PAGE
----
of the Severn River. There English industrialist Abraham Darby successfully used coke—a
high-carbon, converted form of coal—to produce iron from iron ore. Using coke eliminated
the need for charcoal, a more expensive, less efficient fuel. Metal makers thereafter
discovered ways of using coal and coke to speed the production of raw iron, bar iron, and
other metals.


The most important advance in iron production occurred in 1784 when Englishman Henry Cort
invented new techniques for rolling raw iron, a finishing process that shapes iron into
the desired size and form. These advances in metalworking were an important part of
industrialization. They enabled iron, which was relatively inexpensive and abundant, to be
used in many new ways, such as building heavy machinery. Iron was well suited for heavy
machinery because of its strength and durability. Because of these new developments iron
came to be used in machinery for many industries.



Iron was also vital to the development of railroads, which improved transportation. Better
transportation made commerce easier, and along with the growth of commerce enabled
economic growth to spread to additional regions. In this way, the changes of the
Industrial Revolution reinforced each other, working together to transform the British
economy.



If iron was the key metal of the Industrial Revolution, the steam engine was perhaps the
most important machine technology. Inventions and improvements in the use of steam for
power began prior to the 18th century, as they had with iron. As early as 1689, English
engineer Thomas Savery created a steam engine to pump water from mines. Thomas Newcomen,
another English engineer, developed an improved version by 1712. Scottish inventor and
mechanical engineer James Watt made the most significant improvements, allowing the steam
engine to be used in many industrial settings, not just in mining. Early mills had run
successfully with water power, but the advancement of using the steam engine meant that a
factory could be located anywhere, not just close to water.



In 1775 Watt formed an engine-building and engineering partnership with manufacturer
Matthew Boulton. This partnership became one of the most important businesses of the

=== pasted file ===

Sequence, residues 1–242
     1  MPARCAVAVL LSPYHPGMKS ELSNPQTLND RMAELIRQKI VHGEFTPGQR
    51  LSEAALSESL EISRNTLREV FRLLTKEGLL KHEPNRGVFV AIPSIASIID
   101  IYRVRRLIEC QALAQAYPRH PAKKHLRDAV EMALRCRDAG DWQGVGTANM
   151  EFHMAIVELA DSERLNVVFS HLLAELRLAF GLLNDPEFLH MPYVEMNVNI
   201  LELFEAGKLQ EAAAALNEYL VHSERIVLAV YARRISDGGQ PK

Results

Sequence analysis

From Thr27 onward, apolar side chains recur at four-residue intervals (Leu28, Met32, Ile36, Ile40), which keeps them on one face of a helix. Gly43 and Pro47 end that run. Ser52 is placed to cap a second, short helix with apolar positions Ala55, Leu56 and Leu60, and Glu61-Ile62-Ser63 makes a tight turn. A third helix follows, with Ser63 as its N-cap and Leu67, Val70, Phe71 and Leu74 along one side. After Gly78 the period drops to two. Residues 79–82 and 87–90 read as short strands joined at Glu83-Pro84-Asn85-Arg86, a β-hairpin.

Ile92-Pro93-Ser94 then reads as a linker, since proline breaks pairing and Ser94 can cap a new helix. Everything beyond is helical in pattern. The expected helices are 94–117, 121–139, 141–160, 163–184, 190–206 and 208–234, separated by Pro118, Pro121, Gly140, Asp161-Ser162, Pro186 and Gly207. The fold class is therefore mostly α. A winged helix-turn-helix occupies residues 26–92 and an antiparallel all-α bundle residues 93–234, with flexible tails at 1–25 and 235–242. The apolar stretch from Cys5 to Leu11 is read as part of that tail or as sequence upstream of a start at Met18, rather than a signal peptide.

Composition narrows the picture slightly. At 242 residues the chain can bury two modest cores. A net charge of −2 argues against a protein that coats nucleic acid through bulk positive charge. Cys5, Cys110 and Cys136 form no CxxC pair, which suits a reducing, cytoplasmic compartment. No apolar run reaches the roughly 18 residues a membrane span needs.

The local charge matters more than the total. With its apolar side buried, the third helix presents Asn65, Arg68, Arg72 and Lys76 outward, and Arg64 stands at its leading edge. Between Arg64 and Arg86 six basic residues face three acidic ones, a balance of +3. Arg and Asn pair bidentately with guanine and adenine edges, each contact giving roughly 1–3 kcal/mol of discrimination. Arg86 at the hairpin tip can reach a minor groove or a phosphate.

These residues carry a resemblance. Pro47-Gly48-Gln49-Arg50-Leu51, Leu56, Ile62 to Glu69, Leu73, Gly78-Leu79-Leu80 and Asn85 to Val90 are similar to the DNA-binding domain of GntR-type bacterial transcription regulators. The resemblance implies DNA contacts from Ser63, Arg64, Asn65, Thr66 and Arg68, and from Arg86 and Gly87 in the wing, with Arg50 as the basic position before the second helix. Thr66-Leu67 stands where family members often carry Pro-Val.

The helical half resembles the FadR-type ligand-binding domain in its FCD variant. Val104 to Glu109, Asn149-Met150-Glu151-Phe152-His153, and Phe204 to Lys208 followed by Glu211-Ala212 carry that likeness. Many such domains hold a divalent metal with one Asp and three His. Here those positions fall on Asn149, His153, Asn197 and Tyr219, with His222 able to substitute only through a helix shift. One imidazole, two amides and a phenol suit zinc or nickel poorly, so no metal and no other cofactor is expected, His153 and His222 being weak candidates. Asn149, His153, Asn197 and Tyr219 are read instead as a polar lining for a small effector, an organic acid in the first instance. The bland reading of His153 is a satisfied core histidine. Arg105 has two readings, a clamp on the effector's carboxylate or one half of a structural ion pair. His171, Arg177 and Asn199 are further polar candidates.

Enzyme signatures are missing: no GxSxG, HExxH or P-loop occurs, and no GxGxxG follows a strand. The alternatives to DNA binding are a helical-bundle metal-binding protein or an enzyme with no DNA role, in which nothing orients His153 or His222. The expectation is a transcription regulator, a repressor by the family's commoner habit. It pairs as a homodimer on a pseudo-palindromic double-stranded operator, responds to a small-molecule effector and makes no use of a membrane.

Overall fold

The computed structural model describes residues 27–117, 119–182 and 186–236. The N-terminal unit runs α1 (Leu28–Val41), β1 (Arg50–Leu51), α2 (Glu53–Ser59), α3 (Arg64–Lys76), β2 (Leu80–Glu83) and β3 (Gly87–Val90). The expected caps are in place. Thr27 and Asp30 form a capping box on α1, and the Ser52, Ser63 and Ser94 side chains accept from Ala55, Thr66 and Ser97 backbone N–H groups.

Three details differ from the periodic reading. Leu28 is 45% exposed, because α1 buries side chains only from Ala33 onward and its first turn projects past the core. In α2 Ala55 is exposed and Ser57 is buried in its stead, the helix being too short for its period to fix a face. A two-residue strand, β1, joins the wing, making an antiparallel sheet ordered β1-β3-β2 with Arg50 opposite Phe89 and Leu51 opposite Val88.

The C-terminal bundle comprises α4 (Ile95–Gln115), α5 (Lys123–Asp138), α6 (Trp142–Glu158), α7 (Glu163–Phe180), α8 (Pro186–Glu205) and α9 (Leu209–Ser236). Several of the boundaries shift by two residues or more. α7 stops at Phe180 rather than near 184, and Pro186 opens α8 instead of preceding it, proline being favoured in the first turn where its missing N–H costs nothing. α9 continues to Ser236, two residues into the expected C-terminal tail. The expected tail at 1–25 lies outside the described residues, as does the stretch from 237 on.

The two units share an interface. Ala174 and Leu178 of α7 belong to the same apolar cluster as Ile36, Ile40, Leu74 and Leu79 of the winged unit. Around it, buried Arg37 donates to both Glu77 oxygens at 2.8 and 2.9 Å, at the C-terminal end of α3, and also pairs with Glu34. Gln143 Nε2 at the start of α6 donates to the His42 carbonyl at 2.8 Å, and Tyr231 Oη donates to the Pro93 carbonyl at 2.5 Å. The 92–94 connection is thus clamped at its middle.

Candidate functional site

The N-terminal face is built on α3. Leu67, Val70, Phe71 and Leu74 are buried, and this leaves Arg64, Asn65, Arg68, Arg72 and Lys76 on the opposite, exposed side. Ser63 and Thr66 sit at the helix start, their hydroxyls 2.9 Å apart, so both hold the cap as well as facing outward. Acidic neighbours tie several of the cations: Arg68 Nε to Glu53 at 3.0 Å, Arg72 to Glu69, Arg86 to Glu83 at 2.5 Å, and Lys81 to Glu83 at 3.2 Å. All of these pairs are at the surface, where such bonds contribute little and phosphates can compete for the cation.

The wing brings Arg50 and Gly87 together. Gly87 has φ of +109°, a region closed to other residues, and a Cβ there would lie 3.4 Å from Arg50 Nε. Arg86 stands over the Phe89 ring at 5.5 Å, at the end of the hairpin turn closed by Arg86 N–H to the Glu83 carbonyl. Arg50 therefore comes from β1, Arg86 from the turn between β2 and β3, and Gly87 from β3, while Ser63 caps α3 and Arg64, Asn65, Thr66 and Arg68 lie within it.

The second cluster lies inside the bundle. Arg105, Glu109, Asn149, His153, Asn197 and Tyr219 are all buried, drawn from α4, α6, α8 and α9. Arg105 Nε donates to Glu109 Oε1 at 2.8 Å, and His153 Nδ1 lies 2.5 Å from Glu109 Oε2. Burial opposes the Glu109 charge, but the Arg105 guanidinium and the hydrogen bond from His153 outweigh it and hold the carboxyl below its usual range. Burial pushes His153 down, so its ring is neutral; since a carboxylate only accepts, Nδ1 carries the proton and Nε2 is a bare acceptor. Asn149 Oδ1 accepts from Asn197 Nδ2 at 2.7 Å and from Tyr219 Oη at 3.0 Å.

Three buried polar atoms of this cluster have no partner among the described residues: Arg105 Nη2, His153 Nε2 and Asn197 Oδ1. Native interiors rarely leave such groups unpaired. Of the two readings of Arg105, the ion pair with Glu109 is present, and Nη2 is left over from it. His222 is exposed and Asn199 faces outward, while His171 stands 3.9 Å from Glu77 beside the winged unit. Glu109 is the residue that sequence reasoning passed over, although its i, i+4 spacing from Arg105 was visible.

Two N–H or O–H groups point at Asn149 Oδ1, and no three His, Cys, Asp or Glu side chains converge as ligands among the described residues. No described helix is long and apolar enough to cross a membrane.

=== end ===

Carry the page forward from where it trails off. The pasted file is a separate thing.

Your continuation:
Industrial Revolution. Boulton & Watt served as a kind of creative technical center for
much of the British economy. They solved technical problems and spread the solutions to
other companies. Similar firms did the same thing in other industries and were especially
important in the machine tool industry. This type of interaction between companies was
important because it reduced the amount of research time and expense that each business
had to spend working with its own resources. The technological advances of the Industrial
Revolution happened more quickly because firms often shared information, which they then
could use to create new techniques or products.


Like iron production, steam engines found many uses in a variety of other industries,
including steamboats and railroads. Steam engines are another example of how some changes
brought by industrialization led to even more changes in other areas.


The industry most often associated with the Industrial Revolution is the textile industry.
In earlier times, the spinning of yarn and the weaving of cloth occurred primarily in the
home, with most of the work done by people working alone or with family members. This
pattern lasted for many centuries. In 18th-century Great Britain a series of extraordinary
innovations reduced and then replaced the human labor required to make cloth. Each advance
created problems elsewhere in the production process that led to further improvements.